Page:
"Most of the time they don't want to air dirty laundry," says Raymond D. Cotton, a Washington lawyer who specializes in presidential contracts.

Upon his dismissal from Penn State, Mr. Spanier received $1.2-million in severance pay, $1.2-million in deferred compensation, and $700,000 for a one-year sabbatical that began when he was fired. (The sabbatical was not counted as part of his total compensation in The Chronicle's analysis, because it was a benefit extended to him as a professor after his presidency was terminated.)

Under a typical contract, Mr. Spanier would have forfeited that $3.1-million with a for-cause termination, Mr. Cotton says. But the costs to the university in reputational damage and litigation might have been greater.

"Had they fired him for cause, there would have been a lawsuit against them," Mr. Cotton says. "Then the board would be in the position of having to prove that Graham Spanier knew what was going on down there in the locker room, at least on one occasion. How do you do that?"

But there may be a middle ground for trustees who are reluctant to fire a president for cause, says John J. Donohue III, a law professor at Stanford University.

"Boards often say they don't want to air dirty laundry with a for-cause firing, but they often don't have to go to the other extreme of paying large sums to top executives who really should be fired for cause if their misconduct merits it," he wrote in an e-mail. The best approach, he added, might be to threaten a for-cause firing if the president will not take a reduced payout.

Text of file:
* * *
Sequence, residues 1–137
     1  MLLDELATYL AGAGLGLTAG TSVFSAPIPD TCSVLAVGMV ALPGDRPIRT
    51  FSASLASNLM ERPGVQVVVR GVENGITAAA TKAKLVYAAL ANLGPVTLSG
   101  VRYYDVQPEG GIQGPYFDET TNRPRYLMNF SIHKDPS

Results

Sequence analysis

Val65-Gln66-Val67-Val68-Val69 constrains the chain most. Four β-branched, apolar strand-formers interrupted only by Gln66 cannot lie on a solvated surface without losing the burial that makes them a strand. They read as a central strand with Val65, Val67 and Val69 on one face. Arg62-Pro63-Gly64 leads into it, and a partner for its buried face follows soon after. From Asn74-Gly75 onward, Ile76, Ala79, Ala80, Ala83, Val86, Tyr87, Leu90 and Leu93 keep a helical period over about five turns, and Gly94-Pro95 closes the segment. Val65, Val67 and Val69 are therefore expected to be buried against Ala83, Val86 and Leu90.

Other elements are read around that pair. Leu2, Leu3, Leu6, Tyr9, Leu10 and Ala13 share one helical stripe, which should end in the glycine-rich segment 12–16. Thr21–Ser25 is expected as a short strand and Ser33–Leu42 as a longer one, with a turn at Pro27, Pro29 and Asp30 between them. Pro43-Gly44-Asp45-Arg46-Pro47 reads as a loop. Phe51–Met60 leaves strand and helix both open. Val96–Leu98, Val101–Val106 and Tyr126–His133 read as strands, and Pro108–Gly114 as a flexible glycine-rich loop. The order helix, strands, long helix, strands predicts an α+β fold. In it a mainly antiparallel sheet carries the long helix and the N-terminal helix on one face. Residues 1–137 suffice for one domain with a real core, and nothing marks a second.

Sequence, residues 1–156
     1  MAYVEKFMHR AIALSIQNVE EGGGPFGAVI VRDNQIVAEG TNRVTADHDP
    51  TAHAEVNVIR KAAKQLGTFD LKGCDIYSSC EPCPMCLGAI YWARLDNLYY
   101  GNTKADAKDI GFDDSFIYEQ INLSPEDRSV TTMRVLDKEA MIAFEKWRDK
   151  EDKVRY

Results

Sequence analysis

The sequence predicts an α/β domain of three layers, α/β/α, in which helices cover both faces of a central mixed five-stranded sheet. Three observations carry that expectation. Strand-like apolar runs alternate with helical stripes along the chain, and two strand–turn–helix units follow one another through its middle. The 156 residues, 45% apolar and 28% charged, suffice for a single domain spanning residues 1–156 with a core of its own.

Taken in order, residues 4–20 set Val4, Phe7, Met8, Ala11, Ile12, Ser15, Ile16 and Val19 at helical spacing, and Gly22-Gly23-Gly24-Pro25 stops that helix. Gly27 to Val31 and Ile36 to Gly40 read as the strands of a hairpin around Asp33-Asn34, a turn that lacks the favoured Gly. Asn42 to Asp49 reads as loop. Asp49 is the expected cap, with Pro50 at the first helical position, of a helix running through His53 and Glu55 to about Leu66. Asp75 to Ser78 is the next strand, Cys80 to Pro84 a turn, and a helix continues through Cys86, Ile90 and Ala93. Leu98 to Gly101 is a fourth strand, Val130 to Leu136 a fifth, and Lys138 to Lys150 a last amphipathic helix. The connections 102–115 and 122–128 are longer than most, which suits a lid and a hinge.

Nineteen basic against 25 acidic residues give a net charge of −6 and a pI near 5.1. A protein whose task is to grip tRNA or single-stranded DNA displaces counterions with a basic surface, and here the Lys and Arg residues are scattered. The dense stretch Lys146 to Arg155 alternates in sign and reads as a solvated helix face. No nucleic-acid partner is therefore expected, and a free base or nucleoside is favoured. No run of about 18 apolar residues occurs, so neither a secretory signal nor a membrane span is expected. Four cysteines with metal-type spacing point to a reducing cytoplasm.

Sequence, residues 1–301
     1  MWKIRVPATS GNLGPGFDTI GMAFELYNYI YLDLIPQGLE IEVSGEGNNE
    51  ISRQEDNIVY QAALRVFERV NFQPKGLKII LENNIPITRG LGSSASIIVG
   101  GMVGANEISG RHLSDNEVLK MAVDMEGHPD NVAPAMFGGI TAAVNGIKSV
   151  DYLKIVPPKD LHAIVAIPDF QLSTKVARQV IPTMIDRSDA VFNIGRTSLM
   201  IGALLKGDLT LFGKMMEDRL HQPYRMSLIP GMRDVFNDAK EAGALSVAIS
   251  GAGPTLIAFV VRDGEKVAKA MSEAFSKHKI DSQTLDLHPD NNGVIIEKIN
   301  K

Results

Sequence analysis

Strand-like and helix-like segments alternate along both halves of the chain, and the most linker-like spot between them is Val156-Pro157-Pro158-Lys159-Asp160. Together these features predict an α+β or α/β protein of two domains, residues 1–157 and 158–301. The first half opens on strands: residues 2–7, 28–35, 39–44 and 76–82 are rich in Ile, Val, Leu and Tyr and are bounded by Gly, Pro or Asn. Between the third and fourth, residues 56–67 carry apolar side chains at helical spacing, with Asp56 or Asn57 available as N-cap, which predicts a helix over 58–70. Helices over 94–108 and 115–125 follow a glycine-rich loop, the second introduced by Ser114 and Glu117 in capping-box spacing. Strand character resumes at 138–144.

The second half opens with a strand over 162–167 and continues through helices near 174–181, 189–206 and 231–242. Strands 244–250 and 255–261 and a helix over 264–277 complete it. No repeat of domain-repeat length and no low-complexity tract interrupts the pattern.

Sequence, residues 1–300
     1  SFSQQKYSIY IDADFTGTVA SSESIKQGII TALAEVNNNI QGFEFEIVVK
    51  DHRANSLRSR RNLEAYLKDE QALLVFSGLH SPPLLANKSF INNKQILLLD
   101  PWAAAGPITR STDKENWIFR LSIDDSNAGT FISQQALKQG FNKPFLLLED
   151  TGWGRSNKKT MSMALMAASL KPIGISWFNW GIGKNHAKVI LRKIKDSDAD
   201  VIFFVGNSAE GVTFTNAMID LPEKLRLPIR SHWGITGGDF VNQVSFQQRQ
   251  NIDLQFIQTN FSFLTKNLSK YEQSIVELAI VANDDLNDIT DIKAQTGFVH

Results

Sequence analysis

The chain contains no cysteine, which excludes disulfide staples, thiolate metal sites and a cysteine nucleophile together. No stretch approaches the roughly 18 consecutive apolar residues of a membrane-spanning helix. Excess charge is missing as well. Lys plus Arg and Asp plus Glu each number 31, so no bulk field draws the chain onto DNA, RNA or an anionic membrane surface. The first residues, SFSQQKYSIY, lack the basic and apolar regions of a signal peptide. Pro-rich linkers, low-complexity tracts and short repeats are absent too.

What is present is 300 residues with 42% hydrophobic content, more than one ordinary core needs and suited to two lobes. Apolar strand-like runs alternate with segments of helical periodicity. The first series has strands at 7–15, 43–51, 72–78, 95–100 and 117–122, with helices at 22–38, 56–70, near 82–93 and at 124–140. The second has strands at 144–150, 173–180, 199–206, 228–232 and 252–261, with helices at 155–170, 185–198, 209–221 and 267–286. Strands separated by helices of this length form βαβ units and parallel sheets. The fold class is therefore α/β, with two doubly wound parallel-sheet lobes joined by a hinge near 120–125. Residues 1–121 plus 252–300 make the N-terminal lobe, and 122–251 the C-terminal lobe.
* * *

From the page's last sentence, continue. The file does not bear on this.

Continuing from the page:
Mr. Spanier's indictment, which only came after his firing, would surely have warranted a for-cause firing, Mr. Donohue added. "If that isn't grounds for a cause-based dismissal, then something is really wrong with that employment contract."

Keith E. Masser, chairman of Penn State's board, declined an interview request. University officials would not discuss the decision to fire the president without cause. "It is inappropriate for public rehashing," Lisa Powers, a university spokeswoman, wrote in an e-mail. Mr. Spanier also declined an interview request.

Anthony P. Lubrano, who was elected last May to the board as an alumni representative, has criticized the trustees for not affording due process to Mr. Spanier and Mr. Paterno, who also lost his job in connection with the scandal. Mr. Lubrano says he believes that the trustees rushed to judgment on both men and lacked sufficient evidence to fire either of them for cause.

"If they were going to ask the president to step down without knowing all the facts," he says, "then it had to be without cause."